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D-Wave Quantum has a huge upside, says Roth Capital

Quantum computing company D-Wave Quantum (D-Wave Quantum Stock Quote, Charts, News, Analysts, Financials NYSE:QBTS) just reported its first quarterly earnings as a public, with Roth Capital Partners analyst Suji Desilva keeping a “Buy” rating on the stock in a Thursday update to clients.

Burnaby, BC-based D-Wave, the world’s first commercial supplier of quantum computers with applications crossing a range of industries from cybersecurity and fault detection to logistics and AI, announced on Thursday its third quarter 2022 financials, the company’s first since going public in August. 

D-Wave Q3 revenue was $1.7 million, up 30 per cent year-over-year, and an adjusted EBITDA loss of $12.4 million compared to a loss of $9.2 million a year earlier. Management posted its outlook for the Q4 and full 2022 year, calling for revenue between $7.0 and $9.0 million and adjusted EBITDA to be “less than” negative $49 million. 

The company said it signed a number of new and expanded customer engagements over the quarter including with ArcelorMittal, BASF and Deloitte. D-Wave said it counted 63 commercial customers over the first nine months of 2022, representing a 34 per cent year-over-year increase.

“The era of commercialized quantum computing is here and that is evident in the momentum we’re seeing in terms of our expanded customer footprint, accelerated application development and revenue growth,” said Alan Baratz, CEO, in a press release.

Looking at the Q3 results, Desilva said the company’s EPS at negative $0.11 per share was in-line with expectations. The analyst said the company’s gross margin at 64.1 per cent represented a 680 bps increase sequentially and it reflected a “competitive differentiation for QBTS’ quantum application.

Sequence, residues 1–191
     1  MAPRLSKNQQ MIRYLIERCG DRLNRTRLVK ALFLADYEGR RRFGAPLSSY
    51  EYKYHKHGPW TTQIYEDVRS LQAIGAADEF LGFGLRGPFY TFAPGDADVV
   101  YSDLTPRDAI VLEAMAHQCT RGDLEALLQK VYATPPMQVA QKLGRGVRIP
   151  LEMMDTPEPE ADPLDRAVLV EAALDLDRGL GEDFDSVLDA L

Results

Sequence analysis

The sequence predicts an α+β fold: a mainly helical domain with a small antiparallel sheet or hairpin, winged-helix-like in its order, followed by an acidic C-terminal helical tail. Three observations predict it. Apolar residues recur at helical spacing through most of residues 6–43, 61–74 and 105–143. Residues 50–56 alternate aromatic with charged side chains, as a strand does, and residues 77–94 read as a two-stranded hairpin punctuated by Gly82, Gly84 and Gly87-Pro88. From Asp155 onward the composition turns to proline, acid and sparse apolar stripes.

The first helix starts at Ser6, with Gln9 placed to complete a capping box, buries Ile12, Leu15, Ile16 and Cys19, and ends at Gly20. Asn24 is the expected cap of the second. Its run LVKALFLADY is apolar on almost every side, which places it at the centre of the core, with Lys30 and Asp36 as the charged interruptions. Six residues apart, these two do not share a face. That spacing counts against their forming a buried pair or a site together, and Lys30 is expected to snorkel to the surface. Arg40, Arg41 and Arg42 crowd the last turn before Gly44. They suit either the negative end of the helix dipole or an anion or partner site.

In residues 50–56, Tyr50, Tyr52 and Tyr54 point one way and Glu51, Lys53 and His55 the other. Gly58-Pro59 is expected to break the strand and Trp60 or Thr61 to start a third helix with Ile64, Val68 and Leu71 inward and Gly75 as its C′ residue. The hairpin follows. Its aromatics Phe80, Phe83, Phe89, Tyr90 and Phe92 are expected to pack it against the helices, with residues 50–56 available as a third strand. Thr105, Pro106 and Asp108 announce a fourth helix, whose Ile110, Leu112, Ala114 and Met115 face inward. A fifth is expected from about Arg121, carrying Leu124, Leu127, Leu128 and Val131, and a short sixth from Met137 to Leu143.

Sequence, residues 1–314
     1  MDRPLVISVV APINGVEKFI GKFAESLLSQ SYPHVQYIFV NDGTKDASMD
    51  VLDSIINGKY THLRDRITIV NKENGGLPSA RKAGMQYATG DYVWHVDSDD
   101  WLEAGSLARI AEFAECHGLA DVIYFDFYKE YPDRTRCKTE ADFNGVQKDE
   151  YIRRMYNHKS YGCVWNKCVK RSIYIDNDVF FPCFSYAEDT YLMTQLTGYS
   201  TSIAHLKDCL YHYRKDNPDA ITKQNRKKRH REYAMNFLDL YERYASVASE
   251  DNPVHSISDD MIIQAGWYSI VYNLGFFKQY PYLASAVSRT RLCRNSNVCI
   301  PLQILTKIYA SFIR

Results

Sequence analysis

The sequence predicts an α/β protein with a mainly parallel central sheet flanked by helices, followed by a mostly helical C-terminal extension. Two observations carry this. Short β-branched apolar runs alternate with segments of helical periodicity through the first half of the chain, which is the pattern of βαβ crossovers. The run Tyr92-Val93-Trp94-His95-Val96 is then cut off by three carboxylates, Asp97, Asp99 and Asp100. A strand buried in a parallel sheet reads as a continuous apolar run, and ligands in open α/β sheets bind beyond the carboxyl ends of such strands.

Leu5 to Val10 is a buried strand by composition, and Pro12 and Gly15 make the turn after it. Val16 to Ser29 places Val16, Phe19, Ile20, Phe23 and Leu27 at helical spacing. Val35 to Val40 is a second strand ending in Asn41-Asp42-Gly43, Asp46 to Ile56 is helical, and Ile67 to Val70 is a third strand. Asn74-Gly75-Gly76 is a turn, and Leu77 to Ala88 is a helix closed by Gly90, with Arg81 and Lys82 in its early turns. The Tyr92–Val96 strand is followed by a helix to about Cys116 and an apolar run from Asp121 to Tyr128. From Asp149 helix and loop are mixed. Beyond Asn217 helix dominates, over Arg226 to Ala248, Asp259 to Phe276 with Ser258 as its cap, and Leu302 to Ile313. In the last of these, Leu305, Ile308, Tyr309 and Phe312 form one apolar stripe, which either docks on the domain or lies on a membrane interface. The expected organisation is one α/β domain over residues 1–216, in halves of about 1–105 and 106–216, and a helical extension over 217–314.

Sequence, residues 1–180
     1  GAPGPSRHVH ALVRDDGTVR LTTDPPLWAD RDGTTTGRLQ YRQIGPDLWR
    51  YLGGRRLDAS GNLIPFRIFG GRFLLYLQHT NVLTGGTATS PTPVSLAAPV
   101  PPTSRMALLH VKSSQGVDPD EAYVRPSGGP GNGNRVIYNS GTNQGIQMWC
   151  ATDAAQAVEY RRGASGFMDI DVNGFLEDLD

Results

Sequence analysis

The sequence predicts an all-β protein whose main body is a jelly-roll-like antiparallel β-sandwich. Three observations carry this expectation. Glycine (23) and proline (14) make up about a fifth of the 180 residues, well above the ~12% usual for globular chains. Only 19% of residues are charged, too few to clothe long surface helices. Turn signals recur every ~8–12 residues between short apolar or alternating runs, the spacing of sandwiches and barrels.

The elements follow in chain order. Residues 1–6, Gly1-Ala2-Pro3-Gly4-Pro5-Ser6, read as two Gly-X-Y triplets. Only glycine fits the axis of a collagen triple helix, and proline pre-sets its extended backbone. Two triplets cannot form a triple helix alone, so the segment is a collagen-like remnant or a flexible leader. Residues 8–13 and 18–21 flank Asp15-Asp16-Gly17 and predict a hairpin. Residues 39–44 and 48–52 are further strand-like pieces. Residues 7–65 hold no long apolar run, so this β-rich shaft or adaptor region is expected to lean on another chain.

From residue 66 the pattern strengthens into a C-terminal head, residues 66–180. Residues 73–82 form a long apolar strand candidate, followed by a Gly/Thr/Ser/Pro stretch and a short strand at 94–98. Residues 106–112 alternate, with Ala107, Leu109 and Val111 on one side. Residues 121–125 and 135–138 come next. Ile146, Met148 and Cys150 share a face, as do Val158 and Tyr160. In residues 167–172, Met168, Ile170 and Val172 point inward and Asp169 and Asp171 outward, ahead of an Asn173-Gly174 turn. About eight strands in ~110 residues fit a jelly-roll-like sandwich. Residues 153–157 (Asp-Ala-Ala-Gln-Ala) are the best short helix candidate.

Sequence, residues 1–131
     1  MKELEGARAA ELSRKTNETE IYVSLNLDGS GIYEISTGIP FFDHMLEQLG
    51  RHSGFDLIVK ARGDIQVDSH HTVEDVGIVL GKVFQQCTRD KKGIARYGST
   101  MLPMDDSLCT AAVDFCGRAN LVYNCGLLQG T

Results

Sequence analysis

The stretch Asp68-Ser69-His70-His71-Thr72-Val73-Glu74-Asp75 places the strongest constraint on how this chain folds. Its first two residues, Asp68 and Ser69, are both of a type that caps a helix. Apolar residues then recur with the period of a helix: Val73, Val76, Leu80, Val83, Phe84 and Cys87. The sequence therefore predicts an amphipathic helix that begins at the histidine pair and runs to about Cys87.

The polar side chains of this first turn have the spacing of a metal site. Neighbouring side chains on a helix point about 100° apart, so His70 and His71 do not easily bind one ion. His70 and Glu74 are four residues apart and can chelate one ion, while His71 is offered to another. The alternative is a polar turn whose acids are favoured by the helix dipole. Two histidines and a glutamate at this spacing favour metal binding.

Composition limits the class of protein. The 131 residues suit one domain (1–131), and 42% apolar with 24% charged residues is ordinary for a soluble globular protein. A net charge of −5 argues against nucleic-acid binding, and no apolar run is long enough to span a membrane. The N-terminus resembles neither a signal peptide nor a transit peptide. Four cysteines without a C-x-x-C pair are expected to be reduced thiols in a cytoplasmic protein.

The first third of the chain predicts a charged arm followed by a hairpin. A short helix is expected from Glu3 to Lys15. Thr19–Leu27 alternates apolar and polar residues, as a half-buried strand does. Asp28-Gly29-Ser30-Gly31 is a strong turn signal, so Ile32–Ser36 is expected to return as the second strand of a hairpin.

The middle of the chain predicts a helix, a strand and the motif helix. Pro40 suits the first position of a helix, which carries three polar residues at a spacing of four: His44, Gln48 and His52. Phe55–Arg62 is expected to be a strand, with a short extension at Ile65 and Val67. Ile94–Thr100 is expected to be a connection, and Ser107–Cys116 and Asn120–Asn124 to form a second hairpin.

“We are encouraged that QBTS continues to grow revenue-generating customer for quantum computing services ahead of competitors. QBTS reported an aggregate YTD23 revenue generating customer count of 105 versus 97 revenue-generating customers in all of CY22,” Desilva wrote. 

“Management indicated that large Global 2000 enterprise customer represented approximately one-third of this base and there is no macro-based slowdown of interest as of this time. We believe the very strong margin performance indicated the highly differentiated nature of QBTS’ quantum annealing services for enterprise mission-critical optimization applications. We believe QBTS’ backlog is building to provide visibility into further revenue growth and that adjusted EBITDA guidance of less than $50 million in CY22 marks a manageable spending level given the company’s funding position and available facilities,” he said.

With his “Buy” rating, Desilva lowered his target from $20 to $10, which at press time represented a projected one-year return of 295 per cent.

About The Author /

Jayson is a writer, researcher and educator with a PhD in political philosophy from the University of Ottawa. His interests range from bioethics and innovations in the health sciences to governance, social justice and the history of ideas.
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